History Pages: 45 - Remembering (some of) the Presidents

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When I was in 5th grade, one of our U.S. history assignments was to memorize the names of all of the presidents. Most students got to about Jackson before memories became fuzzy. Santa Cruz street-namers did somewhat better than that, but many presidential names are missing here. We have the obligatory Washington, Lincoln and Grant and,if you know where to look, you can find Jackson Street. You’ll search in vain, however, for Jefferson (try Watsonville instead), Adams, Madison, and Monroe (look in Aptos). Then, after Jackson, there’s a 24-year local president-name gap until you get to Lincoln. You’ll have to go to San Francisco to find Van Buren, Polk, Fillmore, Pierce and Buchanan.

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The only national political figures from that time period to be honored with street names in Santa Cruz are seen in the composite image to the left: President Zachary Taylor (left) and Congressman Henry Clay (right). Why those two? Taylor won the presidential election of 1848 but died in office in 1850 – only 15 months into his term. During that brief tenure, however, he had one significant (to us) accomplishment - admitting California to the Union as the 31st state (although he died before our Admission Day). Henry Clay also contributed to our statehood by crafting the “Compromise of 1850” that allowed California to enter the union as a free state. Here's a good trivia question: Taylor's VP was his successor, and was president on September 9, 1850, signing the legislation that made California officially a state. What was his name? Hint: no Santa Cruz street is named for him.

Thanks to Steven Spielberg, we’ve all been reminded recently of Abraham Lincoln’s accomplishments as president, along with those of the next elected president - Civil War General Ulysses S. Grant. We’re covered in Santa Cruz for those two, Lincoln Avenue and Grant Street are in prominent locations. After Grant, another memory gap occurs, from 1876 through the end of the century. Quick, can you name something important that happened during the presidency of Rutherford B. Hayes (1877-81)? How about Chester A. Arthur (1881-85)?


In between those two forgettable terms, however, was the too-brief presidency of James A. Garfield (right). Garfield, another successful Civil War general, won the 1880 election and became president in March, 1881. On July 2, 1881, less than four months later, he was shot by an assassin and died in September. Vice-president Chester Arthur took over and finished the term (Arthur got no love here, although Watsonville remembers him, unless Arthur Road was named for some other Arthur - I haven’t done any research on that question).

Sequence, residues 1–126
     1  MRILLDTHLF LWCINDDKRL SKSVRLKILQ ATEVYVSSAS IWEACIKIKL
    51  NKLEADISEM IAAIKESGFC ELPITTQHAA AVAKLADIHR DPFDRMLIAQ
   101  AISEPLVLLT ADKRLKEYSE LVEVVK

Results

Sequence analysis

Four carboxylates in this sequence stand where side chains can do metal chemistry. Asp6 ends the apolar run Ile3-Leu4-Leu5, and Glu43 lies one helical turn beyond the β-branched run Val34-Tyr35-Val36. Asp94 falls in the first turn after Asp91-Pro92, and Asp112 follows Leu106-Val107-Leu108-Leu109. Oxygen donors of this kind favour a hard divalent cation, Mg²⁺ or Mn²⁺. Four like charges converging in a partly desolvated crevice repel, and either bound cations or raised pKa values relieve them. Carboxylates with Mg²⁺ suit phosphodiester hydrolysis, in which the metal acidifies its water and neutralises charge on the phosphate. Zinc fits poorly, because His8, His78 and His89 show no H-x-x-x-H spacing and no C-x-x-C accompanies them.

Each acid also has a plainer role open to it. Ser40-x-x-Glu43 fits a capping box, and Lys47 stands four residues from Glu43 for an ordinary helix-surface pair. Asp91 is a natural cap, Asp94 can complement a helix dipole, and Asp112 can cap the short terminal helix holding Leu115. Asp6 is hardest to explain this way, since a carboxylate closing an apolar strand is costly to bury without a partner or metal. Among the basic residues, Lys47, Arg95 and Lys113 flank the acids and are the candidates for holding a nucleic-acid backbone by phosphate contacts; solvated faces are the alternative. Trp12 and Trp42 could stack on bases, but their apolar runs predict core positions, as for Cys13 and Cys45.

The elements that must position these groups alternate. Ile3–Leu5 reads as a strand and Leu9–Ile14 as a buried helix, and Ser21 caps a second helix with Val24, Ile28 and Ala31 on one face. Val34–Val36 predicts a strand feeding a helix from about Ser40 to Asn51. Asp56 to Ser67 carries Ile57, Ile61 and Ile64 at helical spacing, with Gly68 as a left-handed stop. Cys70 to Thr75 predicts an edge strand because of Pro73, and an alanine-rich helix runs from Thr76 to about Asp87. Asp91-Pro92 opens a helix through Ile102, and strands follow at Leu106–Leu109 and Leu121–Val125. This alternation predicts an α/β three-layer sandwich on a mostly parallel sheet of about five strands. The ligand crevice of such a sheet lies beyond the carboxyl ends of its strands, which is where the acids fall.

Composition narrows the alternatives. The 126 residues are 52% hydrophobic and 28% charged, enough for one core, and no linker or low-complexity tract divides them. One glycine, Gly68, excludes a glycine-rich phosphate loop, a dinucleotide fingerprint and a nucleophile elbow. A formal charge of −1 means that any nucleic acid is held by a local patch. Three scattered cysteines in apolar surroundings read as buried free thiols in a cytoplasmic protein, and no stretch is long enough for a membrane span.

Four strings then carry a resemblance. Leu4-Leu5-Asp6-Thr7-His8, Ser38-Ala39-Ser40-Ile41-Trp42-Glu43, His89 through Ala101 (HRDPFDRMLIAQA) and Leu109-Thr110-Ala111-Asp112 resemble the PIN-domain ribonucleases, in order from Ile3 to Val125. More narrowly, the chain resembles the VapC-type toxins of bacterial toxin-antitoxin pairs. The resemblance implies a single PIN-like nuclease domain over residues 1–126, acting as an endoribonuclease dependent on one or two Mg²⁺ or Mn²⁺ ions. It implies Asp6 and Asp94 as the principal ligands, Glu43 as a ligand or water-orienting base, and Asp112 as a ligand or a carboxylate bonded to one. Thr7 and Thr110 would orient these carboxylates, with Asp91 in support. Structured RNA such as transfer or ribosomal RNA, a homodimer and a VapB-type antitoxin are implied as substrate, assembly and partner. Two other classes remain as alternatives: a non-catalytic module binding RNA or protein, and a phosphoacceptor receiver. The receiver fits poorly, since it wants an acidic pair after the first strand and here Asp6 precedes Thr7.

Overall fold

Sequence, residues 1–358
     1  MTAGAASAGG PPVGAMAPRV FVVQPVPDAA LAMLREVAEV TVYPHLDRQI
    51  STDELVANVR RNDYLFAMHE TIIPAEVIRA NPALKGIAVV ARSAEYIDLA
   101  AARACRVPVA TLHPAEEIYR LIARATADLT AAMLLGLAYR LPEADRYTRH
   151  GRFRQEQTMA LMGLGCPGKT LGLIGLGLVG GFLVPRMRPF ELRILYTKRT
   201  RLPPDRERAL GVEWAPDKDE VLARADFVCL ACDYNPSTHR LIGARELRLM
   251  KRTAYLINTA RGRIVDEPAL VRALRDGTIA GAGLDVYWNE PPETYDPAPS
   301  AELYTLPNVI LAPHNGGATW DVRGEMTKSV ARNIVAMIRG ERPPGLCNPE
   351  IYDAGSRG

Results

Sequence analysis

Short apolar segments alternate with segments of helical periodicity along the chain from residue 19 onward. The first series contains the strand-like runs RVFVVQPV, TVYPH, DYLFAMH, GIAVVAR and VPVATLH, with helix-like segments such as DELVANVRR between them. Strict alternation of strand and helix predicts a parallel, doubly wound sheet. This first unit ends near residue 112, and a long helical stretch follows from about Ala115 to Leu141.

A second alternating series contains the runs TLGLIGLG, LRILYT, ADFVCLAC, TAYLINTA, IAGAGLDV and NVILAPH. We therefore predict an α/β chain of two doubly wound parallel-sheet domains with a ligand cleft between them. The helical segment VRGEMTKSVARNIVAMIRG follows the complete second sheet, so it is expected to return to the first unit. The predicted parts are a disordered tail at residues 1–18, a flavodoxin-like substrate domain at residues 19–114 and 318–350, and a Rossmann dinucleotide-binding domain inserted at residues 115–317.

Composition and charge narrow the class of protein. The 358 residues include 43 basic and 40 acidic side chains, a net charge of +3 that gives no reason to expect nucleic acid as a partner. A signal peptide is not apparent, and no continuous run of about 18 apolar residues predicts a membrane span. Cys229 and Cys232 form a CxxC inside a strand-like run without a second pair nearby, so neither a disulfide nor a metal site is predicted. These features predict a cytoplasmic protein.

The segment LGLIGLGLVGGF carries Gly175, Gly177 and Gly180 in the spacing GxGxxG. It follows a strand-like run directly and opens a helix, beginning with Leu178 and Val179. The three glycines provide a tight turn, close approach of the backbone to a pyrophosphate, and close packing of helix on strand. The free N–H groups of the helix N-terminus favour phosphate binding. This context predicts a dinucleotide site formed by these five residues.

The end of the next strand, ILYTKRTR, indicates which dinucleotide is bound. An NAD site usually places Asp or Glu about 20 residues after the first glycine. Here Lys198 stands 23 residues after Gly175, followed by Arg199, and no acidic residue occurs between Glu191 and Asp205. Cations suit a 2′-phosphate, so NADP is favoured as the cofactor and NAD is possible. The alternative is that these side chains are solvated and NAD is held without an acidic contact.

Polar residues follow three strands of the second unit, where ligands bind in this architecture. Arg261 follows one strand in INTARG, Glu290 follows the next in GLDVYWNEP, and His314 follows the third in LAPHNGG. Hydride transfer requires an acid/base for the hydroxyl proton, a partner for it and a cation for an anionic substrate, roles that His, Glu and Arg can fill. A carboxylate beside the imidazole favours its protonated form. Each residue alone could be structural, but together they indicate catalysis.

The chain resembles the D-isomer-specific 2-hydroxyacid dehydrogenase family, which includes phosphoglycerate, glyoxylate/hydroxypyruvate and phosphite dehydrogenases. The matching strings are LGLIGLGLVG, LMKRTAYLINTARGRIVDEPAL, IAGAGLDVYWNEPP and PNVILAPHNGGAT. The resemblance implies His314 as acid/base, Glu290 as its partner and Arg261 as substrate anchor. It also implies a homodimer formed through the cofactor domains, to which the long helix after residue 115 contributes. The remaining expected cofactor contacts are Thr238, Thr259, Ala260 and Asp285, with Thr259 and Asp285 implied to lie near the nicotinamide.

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Garfield’s memory was honored in Santa Cruz with not one but two street names and a whole subdivision. The Westside neighborhood developed by a church group in the late 1880s and now known as “the circles” used to be called Garfield Park. More recently (1971), a new neighborhood park near that area was given the name Garfield Park. The central street radiating out from the center of the circles to West Cliff Drive was once Garfield Avenue (now Woodrow - another president!) Also remaining are the Garfield Park Library and the Garfield Park Village housing complex.

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Closer to downtown, the former Bausch Street (so-named probably because from Water Street it pointed toward the Bausch Brewery across Branciforte Creek) was re-named Garfield Street. That street disappeared altogether in the 1957 San Lorenzo Park Project redevelopment plan. Another presidential casualty of that plan: one-block-long Harrison Street.

Changing the names of streets to honor first one luminary, then another, was a common local idiosyncrasy in the last quarter of the century. A Westside street originally named Lincoln Avenue became today’s Cleveland Avenue (presumably to honor president Grover Cleveland (1885-89).

Just to be fair, though, the man who lost to Cleveland (a Democrat), James G. Blaine, also got a street. The image at top is a local campaign ad, featuring both candidates. There probably aren’t many streets named for losing presidential candidates outside of their home states, so Blaine is pretty special. Another bit of irony: Blaine Street was originally called Hayes, in honor of nearly-forgotten president Rutherford Hayes.

Note: don’t look for Blaine in Spielberg’s 2012 film - he was a first-term Lincoln supporter in the House of Representatives, but was apparently not notable enough at that time to appear in the cast.

Naming Santa Cruz streets after national political figures mostly went out of fashion after 1900. A stub of N. Pacific Avenue that dead-ends into El Rio Mobile Home Park was once called McKinley Street, but no longer. There’s dead-end Roosevelt Terrace off Broadway, and Kennedy Drive in Capitola, but I suppose it's too late for a Truman Street. Reagan's opportunity has probably come and gone in Santa Cruz County. LA now has a Barack Obama Boulevard, and it's possible he will get a mention here, but I doubt we'll be seeing any other recent presidents memorialized on street signs. Sorry, 5th-graders, you’re on your own.

Next: History Pages: 45 - The Italians